In some areas the clearance work was too vigorous. A sudden change in the microclimate around the trees from shady and humid to open and sunny in the summer months was too much for some, especially the oak pollards. This was probably exacerbated by a series of hot summers at this time. Other people working in Britain and clearing conifer plantations from around old oak pollards were finding the same problems. We now know that it is better to let light into the trees in a series of stages, first create a clearing around the tree, ensuring the canopy is not touched by any others, then to come back a few years later and make the clearing a little bigger.

The other problem was getting the balance right between the amount of canopy removed and that left. The trees were falling over and falling apart because of the heavy weight on their fragile trunks. Many were also very tall, the branches having been drawn up to ensure the leaves could get sufficient light, so they caught the wind easily, especially once a small clearing had been created around them. Some of the earlier cut trees had a bit too much canopy removed and, especially where they were in quite shady conditions, they did not grow well. Some trees in very poor health were also cut and these did not respond well either.

Over time the cutting techniques have been modified and adapted. First cuts on these trees now remove approximately 25-30% of the canopy (initially it was probably around 50% initially). The trees have always been cut with chainsaws but some have been climbed and some cut using access platforms. Today a mixture of these two methods of getting into the crown is used depending on the location of the tree and its condition. Modern access platforms enable the vehicle to stand well away from the roots of the trees and reach right into the canopy, they are also low impact and stable to work from.






Current situation
All the old pollards were surveyed again in 2006-7, their condition assessed and individual management plans written for the next 10 years. At this stage there were just 423 of the old trees left.

Today, in 2011 all the old pollards have been worked on at least once. This may not involve cutting the tree; it might just have been given more light or had other remedial treatment like propping a leaning trunk or applying mulch to the roots. Each year the work programme is followed and approximately 50 trees are worked on. Any further clearance is carried out and the trees cut if required. Every second year all the trees are visited to check for any emergency work that is needed.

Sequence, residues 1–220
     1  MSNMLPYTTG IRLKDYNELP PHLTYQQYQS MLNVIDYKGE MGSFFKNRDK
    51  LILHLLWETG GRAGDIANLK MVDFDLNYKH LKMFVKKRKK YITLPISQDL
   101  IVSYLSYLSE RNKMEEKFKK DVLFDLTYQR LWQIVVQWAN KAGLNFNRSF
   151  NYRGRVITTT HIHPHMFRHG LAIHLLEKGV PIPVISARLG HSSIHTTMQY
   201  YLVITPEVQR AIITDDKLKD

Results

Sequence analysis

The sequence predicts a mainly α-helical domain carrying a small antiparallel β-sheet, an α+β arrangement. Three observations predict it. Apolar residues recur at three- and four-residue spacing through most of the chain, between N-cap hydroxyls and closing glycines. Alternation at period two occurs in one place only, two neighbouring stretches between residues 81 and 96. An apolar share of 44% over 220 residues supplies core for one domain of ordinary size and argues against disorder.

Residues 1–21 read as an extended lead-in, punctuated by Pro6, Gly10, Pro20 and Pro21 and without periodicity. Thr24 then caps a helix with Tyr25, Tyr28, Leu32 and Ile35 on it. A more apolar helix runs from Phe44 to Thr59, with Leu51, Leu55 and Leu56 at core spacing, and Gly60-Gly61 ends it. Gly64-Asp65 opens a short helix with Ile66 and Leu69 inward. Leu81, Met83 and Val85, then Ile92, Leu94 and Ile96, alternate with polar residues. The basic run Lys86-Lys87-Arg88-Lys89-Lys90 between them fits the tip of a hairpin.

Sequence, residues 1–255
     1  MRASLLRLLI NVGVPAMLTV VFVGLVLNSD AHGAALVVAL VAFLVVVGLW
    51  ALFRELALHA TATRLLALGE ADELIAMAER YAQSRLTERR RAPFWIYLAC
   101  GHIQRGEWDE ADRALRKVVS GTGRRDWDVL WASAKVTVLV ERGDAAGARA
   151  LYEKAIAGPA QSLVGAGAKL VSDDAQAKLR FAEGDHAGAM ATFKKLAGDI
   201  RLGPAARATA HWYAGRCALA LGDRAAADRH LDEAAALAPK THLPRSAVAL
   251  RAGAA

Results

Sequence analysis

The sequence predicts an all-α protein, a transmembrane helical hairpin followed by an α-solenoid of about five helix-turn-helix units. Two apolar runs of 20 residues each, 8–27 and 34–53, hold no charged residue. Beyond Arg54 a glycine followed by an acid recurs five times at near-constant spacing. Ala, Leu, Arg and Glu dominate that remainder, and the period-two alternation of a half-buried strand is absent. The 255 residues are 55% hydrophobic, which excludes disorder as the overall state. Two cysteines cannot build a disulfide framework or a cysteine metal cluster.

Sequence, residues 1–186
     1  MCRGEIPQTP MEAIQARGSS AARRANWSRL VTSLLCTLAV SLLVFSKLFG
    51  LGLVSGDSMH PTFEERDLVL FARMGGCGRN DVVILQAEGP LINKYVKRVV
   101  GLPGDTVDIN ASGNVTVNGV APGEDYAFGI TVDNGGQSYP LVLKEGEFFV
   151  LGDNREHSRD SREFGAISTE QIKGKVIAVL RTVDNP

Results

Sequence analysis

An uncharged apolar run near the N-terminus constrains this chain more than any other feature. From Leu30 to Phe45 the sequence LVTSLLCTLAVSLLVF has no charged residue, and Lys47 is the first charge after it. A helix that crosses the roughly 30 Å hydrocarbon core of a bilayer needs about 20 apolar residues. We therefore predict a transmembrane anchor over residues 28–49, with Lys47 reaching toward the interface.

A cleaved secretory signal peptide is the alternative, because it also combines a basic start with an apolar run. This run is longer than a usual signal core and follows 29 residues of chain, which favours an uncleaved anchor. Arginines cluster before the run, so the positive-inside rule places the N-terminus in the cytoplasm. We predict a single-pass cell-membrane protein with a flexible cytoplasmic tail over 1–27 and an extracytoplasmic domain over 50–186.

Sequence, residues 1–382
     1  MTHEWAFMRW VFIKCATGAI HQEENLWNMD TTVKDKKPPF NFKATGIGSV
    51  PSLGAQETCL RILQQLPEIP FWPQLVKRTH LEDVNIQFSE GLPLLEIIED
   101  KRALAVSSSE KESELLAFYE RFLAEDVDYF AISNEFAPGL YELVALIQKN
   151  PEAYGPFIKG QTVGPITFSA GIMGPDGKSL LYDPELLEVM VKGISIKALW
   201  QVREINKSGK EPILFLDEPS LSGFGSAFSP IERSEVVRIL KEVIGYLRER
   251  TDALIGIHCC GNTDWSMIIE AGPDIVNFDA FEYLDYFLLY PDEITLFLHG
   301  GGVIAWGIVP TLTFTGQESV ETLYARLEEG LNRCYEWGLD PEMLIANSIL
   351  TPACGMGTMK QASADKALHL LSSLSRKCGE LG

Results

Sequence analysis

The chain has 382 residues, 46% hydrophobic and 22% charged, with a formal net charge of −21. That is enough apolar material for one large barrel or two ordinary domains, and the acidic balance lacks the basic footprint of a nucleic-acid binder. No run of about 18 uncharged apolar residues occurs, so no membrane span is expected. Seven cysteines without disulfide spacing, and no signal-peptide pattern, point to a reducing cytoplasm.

We are now in the process of making the second cuts on the trees and these are variable, just like the first cuts. The growth from the first cut is examined to see how the tree has responded and the tree shape assessed. The eventual aim is to try and reduce the height of the tree canopy to as close to the original pollard bolling as possible. This always requires several stages and in some cases it is estimated that this could be as many as six cuts. The shape of some trees is such that it is unlikely that this will ever be achieved, the best we can hope for is a stable tree that is as low as possible.

Creating a new generation of pollards

These old trees will not live forever, despite the care and attention lavished on them. It is therefore essential that continuity of habitat (and landscape value) is achieved by starting a new generation of pollards. The initial plantation area has been extended and new pollards created in the course of other work. Some can be made when the clearance work is carried out around the old pollards, some when heathland restoration is done and some (slightly larger) trees have been cut around a car park that would have become safety issues in the long term. The aim is for 1,000 of these replacement trees in total; there are currently over 850.